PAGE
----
One year on: analysing the impact of Apple’s landmark iOS 14 privacy update, by AppsFlyer’s Samer Saad

By Samer Saad, regional manager, AppsFlyer Middle East.

In April 2021, the mobile marketing landscape underwent a significant change, as Apple brought out new privacy features as part of iOS 14.5 — users now have to proactively opt-in to sharing device identifiers, such as Apple’s Identifier for Advertisers, with apps. While this is a positive move from a privacy perspective, it has introduced challenges for marketers that previously relied on access to IDFA to measure the success of their campaigns and understand the ROI of their marketing spend.

As of December 2021, the opt-in rate for consumers in the UAE, that were shown a prompt to share their IDFA, was 55 per cent. While this is higher than the global average of 46 per cent, it’s still significantly lower than the figures marketers would have been used to. And with a recent AppsFlyer study finding that 96 per cent of businesses in the UAE intend to increase their spending on mobile marketing, and a quarter expecting this rise to be “very large”, it’s evident that being able to understand the impact of that spend will be crucial.

So, as we come up to one year since enforcement, how have marketers adapted? And where do we go from here?

The move towards aggregated data

Data exchange between brands and partners has traditionally been the basis for accurate and actionable measurement and creating strong user experiences. Up until now, this exchange has primarily been done with user-level data — such as cookies on the web, and identifiers on mobile.

But this has also introduced the privacy concerns that have come to the forefront in the last few years. What’s clear, however, is that measurement doesn’t have to be based on user-level data. Feedback in a certain level of aggregation is enough, and this is something that more and more marketers are embracing.

Predictive measurement

With marketers having access to a more restricted set of data, predictive measurement — which allows them to accurately evaluate how a campaign will perform based on early insights — is becoming more important.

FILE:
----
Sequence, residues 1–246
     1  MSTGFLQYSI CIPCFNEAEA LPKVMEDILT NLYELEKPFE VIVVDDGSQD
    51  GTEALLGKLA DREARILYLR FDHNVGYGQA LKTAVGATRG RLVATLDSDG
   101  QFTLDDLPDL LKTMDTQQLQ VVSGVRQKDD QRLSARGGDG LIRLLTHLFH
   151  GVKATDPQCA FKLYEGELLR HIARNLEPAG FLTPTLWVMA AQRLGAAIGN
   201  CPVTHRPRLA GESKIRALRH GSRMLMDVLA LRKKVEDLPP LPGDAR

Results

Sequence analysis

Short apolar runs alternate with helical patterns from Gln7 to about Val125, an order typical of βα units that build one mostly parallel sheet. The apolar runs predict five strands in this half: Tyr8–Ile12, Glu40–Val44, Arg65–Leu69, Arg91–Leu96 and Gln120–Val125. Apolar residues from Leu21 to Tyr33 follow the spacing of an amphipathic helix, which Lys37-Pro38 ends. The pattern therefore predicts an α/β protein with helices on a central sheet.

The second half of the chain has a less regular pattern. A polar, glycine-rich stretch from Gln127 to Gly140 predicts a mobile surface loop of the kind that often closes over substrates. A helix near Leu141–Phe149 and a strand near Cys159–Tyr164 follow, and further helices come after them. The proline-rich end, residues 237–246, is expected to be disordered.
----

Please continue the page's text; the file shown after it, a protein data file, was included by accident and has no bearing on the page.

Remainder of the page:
Although it has been in the works for some time now, predictive measurement has gained greater prominence following iOS 14.5 and the introduction of Apple’s own deterministic attribution solution for measuring campaigns, SKAdNetwork.

This is because SKAdNetwork runs on a timer mechanism that limits measurement to activity that happens within a short time frame, such as 24 hours. Predictive measurement allows marketers to leverage these early signals, and predict long-term campaign performance.

Data clean rooms

Data clean rooms, in a very general way, are secure environments where multiple parties can collaborate on sensitive and restricted data sets. Applications can be found in various industries where sensitive data needs to be shared, such as healthcare, insurance and finance, and are now making their way into the marketing space.

Data clean rooms will allow brands and partners to share data and gain mutual insights while still preserving the privacy of their users by not sharing any personally identifiable information or raw data with one another. Advances in cryptographic solutions, such as Homomorphic Encryption, will also make it possible to generate aggregated insights about encrypted data without ever decrypting it.

Owned media

Marketers have also been embracing owned media channels more, whether that’s different mobile apps in their brand, their website, email campaigns, owned social media channels and more. From a privacy perspective, IDFA does not need to be collected, and brands can rely on first-party data collected by consent. It also enables marketers to create better onboarding experiences, which are intimately linked to better conversion rates.

Looking forward

Since iOS 14.5, the ecosystem is continuing to prioritise user privacy. Google recently announced the deployment of Privacy Sandbox on Android, and there have been numerous technological innovations that ensure marketers can still run and measure campaigns in a privacy-preserving way. At the beginning of this year, the UAE also introduced its landmark Data Protection Law, a further signal that consumer privacy is being taken seriously.

When it comes to running and measuring campaigns in a privacy-first world, it’s clear that there isn’t one solution that fits all. There are many different approaches marketers can take, as well as new measurement models that have their own advantages and disadvantages. Marketers that are able to understand what works best for them, and also have the mentality to adapt and deal with any future uncertainties or changes, will be best placed to win.